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Principal Investigators: Diana Bowser and Donald Shepard (Brandeis University, Heller School for Social Policy and Management)

Research Snapshot: COVID-19 and Venezuelan migrants in Colombia

How can local health services overcome disparities between Venezuelan migrants and Colombian nationals in access to essential healthcare services?

View Research Snapshot

What did the study set out to achieve?

The research aimed to:

  1. Determine the variation in implementation, and adherence to public health and social distancing policies during the COVID-19 outbreak among Venezuelan migrant refugees and Colombian citizens across 60 Colombian municipalities.
  2. Determine health care utilisation and costs among Venezuelan migrant refugees and Colombian citizens, by municipality.
  3. Assess the impact of implementation and adherence to public health policies on the rate of COVID-19 cases, health care utilisation, and mortality, by municipality.
  4. Use results to inform global policy and decision-making related to the process of re-opening, especially for countries with refugee and humanitarian populations.

Using administrative data from 60 municipalities across Colombia for 2019 and 2020, the study compared the rates of COVID-19 cases, deaths and health service use (hospitalisations and consultations) of Colombian nationals and Venezuelan migrants, before and after implementation of the COVID-19 public health policies. Telephone surveys of 5,159 migrants and 2,971 Colombian nationals provided empirical data at the municipal level on the lived experiences of migrants, including compliance to the COVID19 measures and healthcare costs, and comparable data on Colombians.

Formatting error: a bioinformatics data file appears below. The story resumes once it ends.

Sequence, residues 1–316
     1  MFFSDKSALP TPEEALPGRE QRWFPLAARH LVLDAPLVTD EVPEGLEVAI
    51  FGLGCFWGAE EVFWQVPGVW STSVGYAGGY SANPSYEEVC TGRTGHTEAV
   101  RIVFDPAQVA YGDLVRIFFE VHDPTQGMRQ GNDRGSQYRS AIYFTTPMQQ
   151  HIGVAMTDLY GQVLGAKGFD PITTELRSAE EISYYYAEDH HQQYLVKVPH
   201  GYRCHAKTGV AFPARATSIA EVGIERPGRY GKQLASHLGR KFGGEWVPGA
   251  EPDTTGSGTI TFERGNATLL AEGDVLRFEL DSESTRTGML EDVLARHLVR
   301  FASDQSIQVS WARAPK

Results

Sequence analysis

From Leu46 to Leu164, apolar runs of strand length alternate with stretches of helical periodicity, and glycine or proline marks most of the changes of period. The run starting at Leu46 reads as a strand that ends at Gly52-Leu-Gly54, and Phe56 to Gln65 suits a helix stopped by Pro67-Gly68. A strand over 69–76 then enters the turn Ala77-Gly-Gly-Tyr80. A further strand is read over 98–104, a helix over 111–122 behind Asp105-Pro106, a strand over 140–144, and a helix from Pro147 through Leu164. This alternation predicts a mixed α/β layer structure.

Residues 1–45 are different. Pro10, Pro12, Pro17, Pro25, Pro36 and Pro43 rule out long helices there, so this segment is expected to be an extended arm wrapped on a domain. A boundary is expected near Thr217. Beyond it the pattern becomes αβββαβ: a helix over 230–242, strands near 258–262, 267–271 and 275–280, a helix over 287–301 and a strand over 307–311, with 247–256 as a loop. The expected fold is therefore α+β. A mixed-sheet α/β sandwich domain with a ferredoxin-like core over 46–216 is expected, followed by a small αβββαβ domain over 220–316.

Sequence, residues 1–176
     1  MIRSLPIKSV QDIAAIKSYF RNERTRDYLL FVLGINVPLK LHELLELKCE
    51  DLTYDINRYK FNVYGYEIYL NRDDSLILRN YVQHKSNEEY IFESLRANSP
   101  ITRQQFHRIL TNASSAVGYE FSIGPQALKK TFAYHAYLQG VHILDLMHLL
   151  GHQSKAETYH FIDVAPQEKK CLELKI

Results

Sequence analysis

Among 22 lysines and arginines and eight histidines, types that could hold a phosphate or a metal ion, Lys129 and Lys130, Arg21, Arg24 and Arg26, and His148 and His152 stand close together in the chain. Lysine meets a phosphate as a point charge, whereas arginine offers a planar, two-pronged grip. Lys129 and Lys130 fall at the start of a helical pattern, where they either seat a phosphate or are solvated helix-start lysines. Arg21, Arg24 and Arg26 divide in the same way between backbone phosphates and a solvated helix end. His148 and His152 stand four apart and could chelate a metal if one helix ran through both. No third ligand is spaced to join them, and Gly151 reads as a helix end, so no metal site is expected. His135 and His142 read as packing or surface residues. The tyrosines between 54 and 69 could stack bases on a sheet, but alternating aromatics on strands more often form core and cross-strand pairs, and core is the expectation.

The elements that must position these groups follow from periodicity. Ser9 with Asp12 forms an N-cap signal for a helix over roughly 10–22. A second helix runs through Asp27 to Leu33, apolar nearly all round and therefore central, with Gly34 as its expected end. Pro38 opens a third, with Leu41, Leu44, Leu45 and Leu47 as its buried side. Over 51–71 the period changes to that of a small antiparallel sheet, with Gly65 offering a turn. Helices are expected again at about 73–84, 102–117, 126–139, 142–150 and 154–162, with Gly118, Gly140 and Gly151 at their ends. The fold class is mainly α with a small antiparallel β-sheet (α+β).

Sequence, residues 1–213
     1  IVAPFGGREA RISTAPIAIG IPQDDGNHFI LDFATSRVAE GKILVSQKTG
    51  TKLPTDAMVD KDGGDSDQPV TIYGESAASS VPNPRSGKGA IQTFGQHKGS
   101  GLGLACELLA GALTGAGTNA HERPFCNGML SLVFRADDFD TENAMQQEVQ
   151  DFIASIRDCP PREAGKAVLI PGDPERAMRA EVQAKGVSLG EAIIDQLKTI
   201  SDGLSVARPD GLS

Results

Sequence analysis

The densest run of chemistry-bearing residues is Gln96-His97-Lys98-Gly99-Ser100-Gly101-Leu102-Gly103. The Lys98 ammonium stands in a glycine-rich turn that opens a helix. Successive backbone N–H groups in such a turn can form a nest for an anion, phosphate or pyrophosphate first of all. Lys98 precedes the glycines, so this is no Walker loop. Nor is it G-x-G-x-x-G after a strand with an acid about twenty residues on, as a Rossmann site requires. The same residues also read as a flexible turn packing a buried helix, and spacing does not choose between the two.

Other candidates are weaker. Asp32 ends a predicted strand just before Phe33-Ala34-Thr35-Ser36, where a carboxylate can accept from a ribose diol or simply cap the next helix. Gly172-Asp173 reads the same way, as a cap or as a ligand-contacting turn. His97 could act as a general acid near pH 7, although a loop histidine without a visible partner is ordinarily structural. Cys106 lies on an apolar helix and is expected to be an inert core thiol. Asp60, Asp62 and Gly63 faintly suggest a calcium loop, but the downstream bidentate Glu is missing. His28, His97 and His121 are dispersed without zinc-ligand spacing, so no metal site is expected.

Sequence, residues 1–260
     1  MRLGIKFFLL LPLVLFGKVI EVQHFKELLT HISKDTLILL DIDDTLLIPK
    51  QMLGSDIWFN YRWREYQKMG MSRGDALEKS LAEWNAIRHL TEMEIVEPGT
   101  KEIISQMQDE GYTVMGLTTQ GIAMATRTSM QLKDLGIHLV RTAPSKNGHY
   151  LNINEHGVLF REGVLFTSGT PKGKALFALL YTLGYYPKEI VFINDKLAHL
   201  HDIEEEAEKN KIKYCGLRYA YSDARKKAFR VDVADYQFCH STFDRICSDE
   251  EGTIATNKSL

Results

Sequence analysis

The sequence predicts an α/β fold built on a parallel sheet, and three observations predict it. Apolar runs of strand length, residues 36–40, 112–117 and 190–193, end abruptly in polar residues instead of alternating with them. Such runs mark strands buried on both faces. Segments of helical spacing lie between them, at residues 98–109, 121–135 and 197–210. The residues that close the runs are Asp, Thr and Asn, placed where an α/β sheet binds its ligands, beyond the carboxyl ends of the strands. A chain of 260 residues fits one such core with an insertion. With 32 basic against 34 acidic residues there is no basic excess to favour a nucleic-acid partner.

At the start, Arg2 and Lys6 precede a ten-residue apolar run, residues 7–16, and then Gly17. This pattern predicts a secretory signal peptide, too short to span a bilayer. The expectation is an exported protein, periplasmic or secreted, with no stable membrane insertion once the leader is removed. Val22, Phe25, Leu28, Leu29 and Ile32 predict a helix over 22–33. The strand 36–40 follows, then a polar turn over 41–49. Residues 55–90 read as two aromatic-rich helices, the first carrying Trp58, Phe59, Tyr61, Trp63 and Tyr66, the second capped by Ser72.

The study focused on social distancing, mask wearing, and hand hygiene, measuring how well those protocols were followed during different types of services and with different refugee populations. Barriers such as lack of physical space, lack of knowledge about COVID-19, limitations of the services, and attitudes about COVID-19 were measured.

Diana Bowser

Principal Investigator

"It is imperative, during this time, that we understand how individuals are responding to the public health and social distancing measures being put in place to reduce the spread of COVID-19. Examining these patterns across diverse and vulnerable populations is key. Support from Elrha for this project to understand the differential impact of COVID-19 on Venezuelan migrant refugee will allow a better understanding of this and future pandemics."

Donald Shepard

Principal Investigator

"Colombia’s system of universal health insurance generates an invaluable data base (called RIPS). It provides a unique opportunity to monitor the impact of social distancing and other policies across Colombia and to ascertain how results compare between Colombian and Venezuelan migrant residents."

What were the key findings?

  • Venezuelans had almost the same rate of hospitalisations but only one seventh the rate of consultations compared to Colombians in the same municipality in 2020.
  • Venezuelans had only one tenth the rates of officially reported COVID-19 cases than Colombians in the same municipality, due largely to Venezuelans’ lower access to testing and treatment for COVID-19.
  • Behaviours related to public health and social distancing do not vary considerably between Venezuelan migrants and Colombian nationals, however Venezuelans do report lower rates of COVID testing and use of virtual visits.

Effective policies:

  • Self-care (mask-use) and mobility restrictions were highly effective at limiting infection spread.